Wednesday, February 24 at 12:00pm to 1:00pmVirtual Event
Assistant Professor of Law, UC Berkeley Law
Law and economics of consumer financial contracts
Professor Padi will be presenting her paper, “Contractual Inequality”.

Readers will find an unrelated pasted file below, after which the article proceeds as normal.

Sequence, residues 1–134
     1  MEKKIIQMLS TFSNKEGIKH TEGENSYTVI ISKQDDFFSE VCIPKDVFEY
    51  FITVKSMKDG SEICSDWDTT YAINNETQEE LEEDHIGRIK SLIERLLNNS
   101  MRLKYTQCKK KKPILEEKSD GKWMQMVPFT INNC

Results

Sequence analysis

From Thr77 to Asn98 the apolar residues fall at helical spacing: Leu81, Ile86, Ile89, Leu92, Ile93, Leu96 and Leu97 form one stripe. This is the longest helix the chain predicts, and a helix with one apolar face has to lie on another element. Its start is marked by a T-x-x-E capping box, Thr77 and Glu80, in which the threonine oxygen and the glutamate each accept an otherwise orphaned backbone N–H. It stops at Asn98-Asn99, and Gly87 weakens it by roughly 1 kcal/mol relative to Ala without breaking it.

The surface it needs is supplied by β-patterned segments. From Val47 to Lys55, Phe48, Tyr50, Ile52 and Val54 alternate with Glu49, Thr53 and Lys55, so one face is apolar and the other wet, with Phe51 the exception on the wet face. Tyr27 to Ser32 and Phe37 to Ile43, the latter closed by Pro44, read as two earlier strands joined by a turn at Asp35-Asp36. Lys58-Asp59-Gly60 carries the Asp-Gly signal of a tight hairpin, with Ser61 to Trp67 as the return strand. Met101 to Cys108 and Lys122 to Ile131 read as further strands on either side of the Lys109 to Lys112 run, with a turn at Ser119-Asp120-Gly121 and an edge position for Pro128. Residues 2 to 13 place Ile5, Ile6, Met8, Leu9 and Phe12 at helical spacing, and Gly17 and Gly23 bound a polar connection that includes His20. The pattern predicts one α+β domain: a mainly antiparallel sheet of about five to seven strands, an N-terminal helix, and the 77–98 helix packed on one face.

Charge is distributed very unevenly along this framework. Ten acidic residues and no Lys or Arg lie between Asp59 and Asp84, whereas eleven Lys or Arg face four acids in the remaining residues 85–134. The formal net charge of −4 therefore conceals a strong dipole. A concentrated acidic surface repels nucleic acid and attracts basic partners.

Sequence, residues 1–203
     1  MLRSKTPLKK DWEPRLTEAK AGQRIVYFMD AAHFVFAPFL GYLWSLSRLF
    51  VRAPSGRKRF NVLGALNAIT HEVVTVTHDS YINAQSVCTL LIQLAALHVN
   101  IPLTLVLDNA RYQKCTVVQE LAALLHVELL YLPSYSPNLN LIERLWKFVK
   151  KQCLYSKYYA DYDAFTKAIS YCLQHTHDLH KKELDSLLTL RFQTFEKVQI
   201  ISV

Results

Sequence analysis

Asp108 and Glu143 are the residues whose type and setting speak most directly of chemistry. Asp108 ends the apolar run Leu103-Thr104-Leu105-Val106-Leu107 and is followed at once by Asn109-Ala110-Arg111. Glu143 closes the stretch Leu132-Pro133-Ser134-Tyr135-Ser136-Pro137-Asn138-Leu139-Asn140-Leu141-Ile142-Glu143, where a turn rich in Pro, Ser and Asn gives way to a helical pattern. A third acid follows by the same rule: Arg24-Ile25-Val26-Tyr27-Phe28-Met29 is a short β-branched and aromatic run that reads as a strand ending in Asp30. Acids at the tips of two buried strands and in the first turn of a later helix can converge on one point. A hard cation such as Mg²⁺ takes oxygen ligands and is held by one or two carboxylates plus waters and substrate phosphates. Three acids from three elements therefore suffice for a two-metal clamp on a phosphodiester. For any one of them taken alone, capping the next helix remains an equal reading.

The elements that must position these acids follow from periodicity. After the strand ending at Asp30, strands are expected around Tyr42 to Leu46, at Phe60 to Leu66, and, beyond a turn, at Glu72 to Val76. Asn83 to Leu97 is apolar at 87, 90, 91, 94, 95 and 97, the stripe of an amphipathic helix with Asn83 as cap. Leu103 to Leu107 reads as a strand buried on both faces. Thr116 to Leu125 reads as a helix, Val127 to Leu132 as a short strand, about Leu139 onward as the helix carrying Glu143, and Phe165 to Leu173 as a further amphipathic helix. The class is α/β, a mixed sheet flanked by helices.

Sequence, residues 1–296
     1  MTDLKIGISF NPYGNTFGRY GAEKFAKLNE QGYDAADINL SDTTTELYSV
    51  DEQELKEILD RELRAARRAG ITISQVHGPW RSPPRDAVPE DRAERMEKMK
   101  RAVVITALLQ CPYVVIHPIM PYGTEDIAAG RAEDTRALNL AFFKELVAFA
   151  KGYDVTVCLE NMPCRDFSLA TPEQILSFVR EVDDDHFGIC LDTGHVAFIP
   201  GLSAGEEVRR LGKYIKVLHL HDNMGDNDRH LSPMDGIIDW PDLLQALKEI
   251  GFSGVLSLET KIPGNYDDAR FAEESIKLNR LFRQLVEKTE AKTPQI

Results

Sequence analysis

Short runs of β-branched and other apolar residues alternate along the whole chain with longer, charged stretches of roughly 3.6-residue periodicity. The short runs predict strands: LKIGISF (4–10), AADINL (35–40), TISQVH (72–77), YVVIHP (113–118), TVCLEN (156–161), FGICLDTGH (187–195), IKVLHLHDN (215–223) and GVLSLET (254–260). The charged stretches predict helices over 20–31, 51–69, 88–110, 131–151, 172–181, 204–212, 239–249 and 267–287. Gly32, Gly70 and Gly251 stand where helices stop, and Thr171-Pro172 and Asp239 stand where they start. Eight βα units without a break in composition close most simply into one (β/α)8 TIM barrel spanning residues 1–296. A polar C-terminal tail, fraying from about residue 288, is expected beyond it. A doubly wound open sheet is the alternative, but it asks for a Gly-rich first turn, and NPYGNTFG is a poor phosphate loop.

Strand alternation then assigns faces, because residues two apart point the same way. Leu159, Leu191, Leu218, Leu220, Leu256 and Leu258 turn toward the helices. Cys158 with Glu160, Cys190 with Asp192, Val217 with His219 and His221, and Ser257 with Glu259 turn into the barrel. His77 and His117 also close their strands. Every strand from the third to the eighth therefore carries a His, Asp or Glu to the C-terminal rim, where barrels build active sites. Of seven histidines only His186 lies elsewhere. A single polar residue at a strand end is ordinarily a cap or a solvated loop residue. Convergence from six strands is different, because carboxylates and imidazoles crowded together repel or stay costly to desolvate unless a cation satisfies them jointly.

Policy debates about economic inequality have overlooked an important driver of inequality – contracts. Ordinary individuals and small businesses struggle to meet their numerous contractual obligations, barely making rent and student loan payments while performing on taxing employment contracts. In contrast, wealthy individuals and corporations regularly cast off onerous contractual obligations or avail themselves of legal tools to renegotiate or modify terms according to their needs. Drawing on a nationwide dataset of residential mortgage contracts, this Article provides quantitative evidence that the same formal contracts give rise to very different outcomes for different types of parties. For instance, more than a third of mortgage lenders never foreclose on properties even when borrowers have stopped making payments. These discretionary benefits accrue to rich borrowers at the expense of the poor, with rich neighborhoods gaining $420 million in wealth per year more than poor neighborhoods from lender leniency. Disparities of this type not only raise equitable concerns but also threaten the economic efficiency of contracts through moral hazard. Since inequality is enabled but not remedied by contract law, this Article argues that inequality generated by contracts must be addressed by regulators overseeing contract performance.
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